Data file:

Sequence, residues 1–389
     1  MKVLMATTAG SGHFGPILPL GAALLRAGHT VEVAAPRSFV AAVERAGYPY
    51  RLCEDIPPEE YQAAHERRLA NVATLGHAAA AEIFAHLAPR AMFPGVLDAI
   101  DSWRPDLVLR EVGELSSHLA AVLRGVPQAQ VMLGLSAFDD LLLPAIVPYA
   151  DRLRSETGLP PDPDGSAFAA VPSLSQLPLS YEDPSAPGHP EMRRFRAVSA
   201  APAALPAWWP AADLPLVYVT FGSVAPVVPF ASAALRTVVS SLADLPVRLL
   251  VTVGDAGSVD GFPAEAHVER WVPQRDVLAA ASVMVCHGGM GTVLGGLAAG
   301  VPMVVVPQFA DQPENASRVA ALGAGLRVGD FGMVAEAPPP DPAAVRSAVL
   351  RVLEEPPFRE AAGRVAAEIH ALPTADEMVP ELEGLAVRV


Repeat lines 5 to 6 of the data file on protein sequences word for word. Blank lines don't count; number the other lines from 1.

   151  DRLRSETGLP PDPDGSAFAA VPSLSQLPLS YEDPSAPGHP EMRRFRAVSA
   201  APAALPAWWP AADLPLVYVT FGSVAPVVPF ASAALRTVVS SLADLPVRLL